Our 2011 championship campaign may be over but there’s still an All-Ireland there to be won this year and this coming Sunday sees Dublin take on Donegal for the right to face Kerry in the final. JPM returns to the guest slot to run the rule over this weekend’s semi-finalists.
Even though it’s difficult to put pen to paper after what happened last Sunday, the realisation is that the clocks still tick and the bandwagon still moves on. Each day the sun rises and the championship is a little nearer the pinnacle for this year. On the other side of the draw there are still two teams remaining to slug it out for this year’s right to meet Kerry and claim the ultimate glory.
Whereas before the suspicion was that Dublin were a one-man team, the quarter-final display against Tyrone has put that proposition through the mill and consequently flattened nearly everyone’s negative opinion regards their ability to win Sam McGuire. Mickey Harte conceded after the match that even two sweepers for Tyrone could not have defended against the level this Dublin team displayed that evening. The final score of 0-22 to 0-15 was emphatic but in fairness the margin could and should have been far greater. Dublin spurned at least four clear goal opportunities and on another drier day you would expect them to take at least two of these.
But it was not just the achievement of victory that was important; the manner of Dublin’s scoring was astonishing. Of the twenty-two points scored, nineteen were from play. And going through the stats probably 50% of these were from thirty yards or further out. Led by Diarmuid Connolly’s seven points, they demolished Tyrone in all sectors of the field and the importance of the victory is hugely significant. It has taken the pressure off them and everyone now realises there is more to the team than just Bernard Brogan and mediocrity. There is also Alan, Connolly and Barry Cahill not to mention the whole Dublin defence. And of course there is Stephen Cluxton.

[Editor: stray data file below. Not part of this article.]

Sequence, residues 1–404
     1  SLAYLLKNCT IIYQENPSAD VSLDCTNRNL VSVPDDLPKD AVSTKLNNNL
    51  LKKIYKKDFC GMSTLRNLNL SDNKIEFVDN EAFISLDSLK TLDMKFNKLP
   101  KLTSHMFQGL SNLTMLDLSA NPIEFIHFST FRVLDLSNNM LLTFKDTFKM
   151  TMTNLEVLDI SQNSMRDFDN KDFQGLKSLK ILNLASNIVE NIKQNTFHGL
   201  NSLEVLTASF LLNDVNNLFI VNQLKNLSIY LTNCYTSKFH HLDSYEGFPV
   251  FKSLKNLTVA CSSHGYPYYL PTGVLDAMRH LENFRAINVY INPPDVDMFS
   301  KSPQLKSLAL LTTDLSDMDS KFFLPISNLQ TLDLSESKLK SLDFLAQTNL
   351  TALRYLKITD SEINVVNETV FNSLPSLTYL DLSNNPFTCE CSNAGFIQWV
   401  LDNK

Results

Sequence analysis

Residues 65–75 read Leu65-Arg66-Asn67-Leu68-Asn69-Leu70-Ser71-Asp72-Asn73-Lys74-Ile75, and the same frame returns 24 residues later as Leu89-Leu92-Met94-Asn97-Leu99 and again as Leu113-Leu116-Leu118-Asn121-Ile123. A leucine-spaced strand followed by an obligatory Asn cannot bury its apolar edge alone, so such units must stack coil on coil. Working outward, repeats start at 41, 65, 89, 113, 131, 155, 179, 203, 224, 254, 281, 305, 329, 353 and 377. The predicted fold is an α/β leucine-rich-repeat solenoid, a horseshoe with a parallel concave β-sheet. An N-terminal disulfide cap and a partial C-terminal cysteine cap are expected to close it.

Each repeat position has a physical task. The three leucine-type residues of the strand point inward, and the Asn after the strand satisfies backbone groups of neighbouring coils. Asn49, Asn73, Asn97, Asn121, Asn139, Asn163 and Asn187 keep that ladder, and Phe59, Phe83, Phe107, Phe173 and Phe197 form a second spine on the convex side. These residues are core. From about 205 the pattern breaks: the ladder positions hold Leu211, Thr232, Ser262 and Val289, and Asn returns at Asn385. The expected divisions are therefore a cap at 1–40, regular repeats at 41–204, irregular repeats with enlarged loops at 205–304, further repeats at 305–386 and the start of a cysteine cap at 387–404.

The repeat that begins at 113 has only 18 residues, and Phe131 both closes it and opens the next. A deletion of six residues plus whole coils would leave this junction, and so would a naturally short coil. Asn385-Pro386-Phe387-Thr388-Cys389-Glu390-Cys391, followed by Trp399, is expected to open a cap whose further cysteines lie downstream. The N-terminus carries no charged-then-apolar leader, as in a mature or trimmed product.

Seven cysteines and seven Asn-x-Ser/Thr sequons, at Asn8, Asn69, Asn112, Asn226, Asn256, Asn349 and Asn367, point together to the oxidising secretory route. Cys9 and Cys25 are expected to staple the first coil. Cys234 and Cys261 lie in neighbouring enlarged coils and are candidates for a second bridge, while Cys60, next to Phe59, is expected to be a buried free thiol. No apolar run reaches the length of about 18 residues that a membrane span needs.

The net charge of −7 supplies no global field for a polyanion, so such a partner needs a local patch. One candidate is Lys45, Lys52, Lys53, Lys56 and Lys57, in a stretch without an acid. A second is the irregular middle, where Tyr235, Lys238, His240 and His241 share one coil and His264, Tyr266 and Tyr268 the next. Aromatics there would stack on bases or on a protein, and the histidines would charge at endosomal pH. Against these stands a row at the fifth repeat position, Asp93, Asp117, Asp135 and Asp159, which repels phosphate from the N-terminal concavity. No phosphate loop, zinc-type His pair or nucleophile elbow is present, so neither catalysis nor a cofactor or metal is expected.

Cluxton has been in this Dublin team for over 10 years. Throughout this time he has seen both the highs and lows but he has remained a constant competitor and under Pat Gilroy is arguably playing the football of his career. As a goalkeeper he has it all. He is agile, quick and brave. He may not be a big man but he has the ability to dictate games from his own area and not many goalkeepers in GAA can claim this. His short and long kickouts are unerringly accurate and when Dublin’s strategy demands fast delivery of the ball he also provides. No sooner has an opposition attack ended than Cluxton has the spare ball tossed out and is looking for a free man to get it to. This ability to speed up play gives Dublin a serious edge and roared on by their 80,000 supporters they now stand up as genuine contenders against any opposition.